Single-shot detectors also adopt CNNs to learn about objects in images and videos. This category of algorithms includes YOLO and SSD, both published in 2016. Rather than following the two-stage pipeline approach of regional-based methods, these systems perform object detection in one shot. This means that identifying each region of interest, determining if the region contains an object or not, classifying each object detected, and refining the bounding box coordinates all happen within one pass through the CNN. Single-shot detectors are generally much faster than R-CNN methods; however, they often struggle with small objects and may exhibit worse accuracy than, say, Faster R-CNN.
Image designed by author by modifying the following sources: one, two, three, & four.
Because object detection involves two tasks, both object classification and object localization, special evaluation metrics apply. Two such metrics, IoU and mAP, prevail among the object detection community when reporting results or comparing techniques.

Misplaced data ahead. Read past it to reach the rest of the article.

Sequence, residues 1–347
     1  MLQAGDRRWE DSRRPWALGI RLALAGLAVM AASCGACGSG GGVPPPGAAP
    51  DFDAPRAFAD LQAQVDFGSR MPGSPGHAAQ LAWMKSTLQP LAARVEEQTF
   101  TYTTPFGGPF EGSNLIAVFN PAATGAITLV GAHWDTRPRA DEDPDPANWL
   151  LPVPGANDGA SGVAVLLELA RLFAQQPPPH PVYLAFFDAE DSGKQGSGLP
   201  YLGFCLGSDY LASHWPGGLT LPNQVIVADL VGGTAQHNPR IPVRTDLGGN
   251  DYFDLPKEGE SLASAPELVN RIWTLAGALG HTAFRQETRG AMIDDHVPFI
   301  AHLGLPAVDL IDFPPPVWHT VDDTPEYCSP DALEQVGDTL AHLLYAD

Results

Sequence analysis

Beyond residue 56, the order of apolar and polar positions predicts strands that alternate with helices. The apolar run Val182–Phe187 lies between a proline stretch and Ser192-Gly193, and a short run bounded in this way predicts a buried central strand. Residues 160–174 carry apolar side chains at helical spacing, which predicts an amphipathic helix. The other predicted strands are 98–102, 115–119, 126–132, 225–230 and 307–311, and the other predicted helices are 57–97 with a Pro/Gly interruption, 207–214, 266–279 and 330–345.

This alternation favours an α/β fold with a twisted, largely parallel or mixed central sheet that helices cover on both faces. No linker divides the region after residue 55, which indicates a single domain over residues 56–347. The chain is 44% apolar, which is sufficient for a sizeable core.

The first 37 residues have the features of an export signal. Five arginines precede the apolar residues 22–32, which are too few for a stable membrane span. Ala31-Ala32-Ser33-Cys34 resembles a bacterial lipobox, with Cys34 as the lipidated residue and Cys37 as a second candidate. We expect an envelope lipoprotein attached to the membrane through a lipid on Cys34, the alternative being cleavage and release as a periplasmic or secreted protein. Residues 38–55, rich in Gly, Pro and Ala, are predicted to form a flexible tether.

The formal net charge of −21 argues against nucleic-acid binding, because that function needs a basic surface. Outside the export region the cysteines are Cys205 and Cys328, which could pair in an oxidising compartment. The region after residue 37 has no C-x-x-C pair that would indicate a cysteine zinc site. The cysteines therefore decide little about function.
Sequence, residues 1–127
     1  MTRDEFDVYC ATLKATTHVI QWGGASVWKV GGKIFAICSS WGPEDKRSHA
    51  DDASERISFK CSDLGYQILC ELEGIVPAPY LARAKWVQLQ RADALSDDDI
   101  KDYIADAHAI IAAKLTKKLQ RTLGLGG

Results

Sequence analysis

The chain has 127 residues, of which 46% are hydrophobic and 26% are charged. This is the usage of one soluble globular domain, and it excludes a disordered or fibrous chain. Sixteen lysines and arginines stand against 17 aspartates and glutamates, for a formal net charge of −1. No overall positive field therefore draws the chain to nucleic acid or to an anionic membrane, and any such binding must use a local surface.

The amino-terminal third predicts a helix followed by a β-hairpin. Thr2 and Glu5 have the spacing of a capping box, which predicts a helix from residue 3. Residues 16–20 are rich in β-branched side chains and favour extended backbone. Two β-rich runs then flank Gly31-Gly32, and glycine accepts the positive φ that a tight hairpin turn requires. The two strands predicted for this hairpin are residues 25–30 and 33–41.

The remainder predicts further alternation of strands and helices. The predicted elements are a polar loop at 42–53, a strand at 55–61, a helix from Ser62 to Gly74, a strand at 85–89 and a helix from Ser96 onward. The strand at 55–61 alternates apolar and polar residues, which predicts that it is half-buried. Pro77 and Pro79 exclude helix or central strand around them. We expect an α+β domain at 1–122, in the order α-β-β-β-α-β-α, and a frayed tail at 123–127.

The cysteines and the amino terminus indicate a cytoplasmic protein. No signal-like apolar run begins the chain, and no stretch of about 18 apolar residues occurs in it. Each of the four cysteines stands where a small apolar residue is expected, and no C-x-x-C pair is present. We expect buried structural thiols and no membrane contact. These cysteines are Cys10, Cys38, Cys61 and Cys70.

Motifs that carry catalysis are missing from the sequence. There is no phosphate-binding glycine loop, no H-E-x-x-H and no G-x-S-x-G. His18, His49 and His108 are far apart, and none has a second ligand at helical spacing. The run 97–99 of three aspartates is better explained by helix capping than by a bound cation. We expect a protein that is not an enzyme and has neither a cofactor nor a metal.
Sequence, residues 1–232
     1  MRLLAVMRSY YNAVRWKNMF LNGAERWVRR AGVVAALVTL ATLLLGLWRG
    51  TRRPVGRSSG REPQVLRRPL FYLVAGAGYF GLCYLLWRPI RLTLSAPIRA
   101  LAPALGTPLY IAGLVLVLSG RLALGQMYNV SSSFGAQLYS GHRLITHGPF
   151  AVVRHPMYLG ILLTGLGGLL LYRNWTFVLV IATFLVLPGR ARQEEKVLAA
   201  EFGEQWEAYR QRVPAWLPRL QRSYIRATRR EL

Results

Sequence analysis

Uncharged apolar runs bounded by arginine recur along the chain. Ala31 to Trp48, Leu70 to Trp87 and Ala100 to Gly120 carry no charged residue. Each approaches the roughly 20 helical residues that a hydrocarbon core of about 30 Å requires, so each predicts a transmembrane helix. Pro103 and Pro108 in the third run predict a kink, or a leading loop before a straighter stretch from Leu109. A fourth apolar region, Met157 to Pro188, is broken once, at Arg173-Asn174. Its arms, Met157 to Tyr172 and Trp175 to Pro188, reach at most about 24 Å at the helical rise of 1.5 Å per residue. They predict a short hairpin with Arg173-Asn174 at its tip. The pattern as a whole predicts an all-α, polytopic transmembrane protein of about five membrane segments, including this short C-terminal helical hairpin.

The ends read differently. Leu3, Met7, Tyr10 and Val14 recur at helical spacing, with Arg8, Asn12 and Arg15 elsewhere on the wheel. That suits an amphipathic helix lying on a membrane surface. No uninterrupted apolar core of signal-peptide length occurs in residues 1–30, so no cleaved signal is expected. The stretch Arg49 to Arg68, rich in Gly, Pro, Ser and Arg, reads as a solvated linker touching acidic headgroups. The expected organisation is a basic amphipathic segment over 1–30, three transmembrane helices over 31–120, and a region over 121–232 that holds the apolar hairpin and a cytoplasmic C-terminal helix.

IoU stands for intersection over union. This measurement judges how well the algorithm has determined an object’s location. IoU compares the actual and predicted bounding boxes by calculating the area of their overlap divided by the total area enclosed by these two boxes. Typically, IoU above 50% is regarded as a positive match.
Image source: designed by the author.